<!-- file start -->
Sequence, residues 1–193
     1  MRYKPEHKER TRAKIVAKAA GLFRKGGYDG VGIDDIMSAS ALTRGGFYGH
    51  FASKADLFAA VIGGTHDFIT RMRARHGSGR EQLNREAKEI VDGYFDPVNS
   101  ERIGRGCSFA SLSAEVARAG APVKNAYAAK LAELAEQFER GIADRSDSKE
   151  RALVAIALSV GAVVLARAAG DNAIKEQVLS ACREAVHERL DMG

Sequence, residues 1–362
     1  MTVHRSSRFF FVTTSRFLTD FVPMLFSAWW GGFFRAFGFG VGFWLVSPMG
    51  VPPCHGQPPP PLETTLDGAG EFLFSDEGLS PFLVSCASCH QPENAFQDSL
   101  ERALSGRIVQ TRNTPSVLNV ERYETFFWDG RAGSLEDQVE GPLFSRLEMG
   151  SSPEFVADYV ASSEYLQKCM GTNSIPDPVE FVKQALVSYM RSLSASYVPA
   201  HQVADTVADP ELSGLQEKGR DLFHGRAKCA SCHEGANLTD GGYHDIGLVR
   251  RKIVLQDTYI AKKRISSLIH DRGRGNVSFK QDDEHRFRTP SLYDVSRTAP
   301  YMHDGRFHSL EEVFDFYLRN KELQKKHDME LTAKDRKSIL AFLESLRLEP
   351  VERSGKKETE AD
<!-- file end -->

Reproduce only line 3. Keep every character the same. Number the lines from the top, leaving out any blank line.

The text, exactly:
    51  FASKADLFAA VIGGTHDFIT RMRARHGSGR EQLNREAKEI VDGYFDPVNS